Understanding and Optimizing Group Dynamics in Case-Based Collaborative Learning: An Educational Quality Improvement Project
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CitationKochis, Michael. 2020. Understanding and Optimizing Group Dynamics in Case-Based Collaborative Learning: An Educational Quality Improvement Project. Doctoral dissertation, Harvard Medical School.
AbstractMedical educators are increasingly searching for instructional formats that can best prepare their students for the demands of practicing in the team-based modern healthcare system. One novel approach is case-based collaborative learning (CBCL), which Harvard Medical School incorporated into its preclinical curriculum in 2015. While students overwhelmingly embrace the format as stimulating and thought-provoking, some students report that negative social dynamics among group members can adversely impact their experience.
This mixed methods study first characterizes individual students’ experiences in CBCL and the social dynamics that arise in their groups. Second, we examined the impact of an intervention intended to improve the learning environment. For this purpose, we assessed the utility of the Team Performance Survey (TPS), a questionnaire validated in other team-based learning contexts, as a diagnostic tool to discriminate groups that perform well from those that may benefit from support.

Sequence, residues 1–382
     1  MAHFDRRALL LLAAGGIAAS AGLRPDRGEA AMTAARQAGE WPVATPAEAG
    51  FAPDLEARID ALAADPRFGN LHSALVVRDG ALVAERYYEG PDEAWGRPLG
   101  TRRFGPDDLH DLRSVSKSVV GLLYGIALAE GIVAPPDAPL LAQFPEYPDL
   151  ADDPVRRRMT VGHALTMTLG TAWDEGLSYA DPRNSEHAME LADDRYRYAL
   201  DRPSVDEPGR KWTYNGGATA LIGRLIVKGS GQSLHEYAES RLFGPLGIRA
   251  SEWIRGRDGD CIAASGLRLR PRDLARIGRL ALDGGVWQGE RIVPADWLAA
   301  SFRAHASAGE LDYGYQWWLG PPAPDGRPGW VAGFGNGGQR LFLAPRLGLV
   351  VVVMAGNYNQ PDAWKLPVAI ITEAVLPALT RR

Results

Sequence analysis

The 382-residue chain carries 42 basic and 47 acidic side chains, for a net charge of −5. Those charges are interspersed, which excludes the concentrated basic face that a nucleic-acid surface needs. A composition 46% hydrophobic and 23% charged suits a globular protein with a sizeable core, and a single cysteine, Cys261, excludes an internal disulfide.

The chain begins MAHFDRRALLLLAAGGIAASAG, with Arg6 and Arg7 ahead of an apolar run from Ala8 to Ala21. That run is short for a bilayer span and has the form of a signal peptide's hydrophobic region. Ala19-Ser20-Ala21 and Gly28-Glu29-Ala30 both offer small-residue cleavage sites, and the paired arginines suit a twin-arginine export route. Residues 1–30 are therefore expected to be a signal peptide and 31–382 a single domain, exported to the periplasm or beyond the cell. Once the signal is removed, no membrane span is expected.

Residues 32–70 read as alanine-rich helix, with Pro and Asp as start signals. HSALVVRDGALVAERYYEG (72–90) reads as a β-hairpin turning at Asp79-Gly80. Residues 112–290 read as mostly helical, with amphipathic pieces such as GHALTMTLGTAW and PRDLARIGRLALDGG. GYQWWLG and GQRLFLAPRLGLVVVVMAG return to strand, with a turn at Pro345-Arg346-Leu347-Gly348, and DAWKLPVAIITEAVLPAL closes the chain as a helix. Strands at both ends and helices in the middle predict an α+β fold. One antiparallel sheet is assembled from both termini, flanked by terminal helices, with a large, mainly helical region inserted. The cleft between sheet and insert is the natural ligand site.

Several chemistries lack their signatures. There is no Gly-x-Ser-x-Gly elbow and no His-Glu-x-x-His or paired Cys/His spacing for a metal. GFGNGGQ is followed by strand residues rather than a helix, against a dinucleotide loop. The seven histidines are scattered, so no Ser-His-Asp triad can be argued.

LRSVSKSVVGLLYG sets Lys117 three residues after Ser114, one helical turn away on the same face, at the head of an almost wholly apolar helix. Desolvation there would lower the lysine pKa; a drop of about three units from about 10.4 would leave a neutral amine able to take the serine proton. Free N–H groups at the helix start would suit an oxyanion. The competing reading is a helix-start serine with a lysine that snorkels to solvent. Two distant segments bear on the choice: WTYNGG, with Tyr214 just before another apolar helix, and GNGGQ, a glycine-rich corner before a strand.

We collected data from two consecutive cohorts of first-year students, including free response comments on perceived areas of strength or areas for improvement in their CBCL groups and associated TPS scores. Free responses were inductively coded and thematically analyzed to yield a conceptual model portraying functional CBCL group processes. We stratified free response data across different TPS thresholds to distinguish group performance categories. The intervention allowed students to discuss their experiences with their group mates and develop shared norms going forward. We then analyzed TPS scores and free responses after students had undergone the intervention. Individual responses were aggregated to characterize group profiles.
The free responses indicated that students are keenly aware of interactions and processes that do and do not work well for their groups. The resulting model of CBCL group work encompasses both objective behaviors as well as subjective elements of the social environment. The TPS can help identify groups that are experiencing dysfunction. The intervention was well accepted by students and resulted in a significant increase in TPS scores and an improvement in group profiles.
This work demonstrates that CBCL groups can function as interdependent learning teams, but students may benefit from support to ensure they form teams rapidly and reliably. We recommend that interventions addressing group dynamics should be considered a critical supplement for regular CBCL classroom activities. Subsequent work will explore the impact of a more extensive supplement in the form of a year-long curriculum designed to further optimize the learning environment and develop students’ interpersonal and communication skills.
Citable link to this pagehttps://nrs.harvard.edu/URN-3:HUL.INSTREPOS:37365233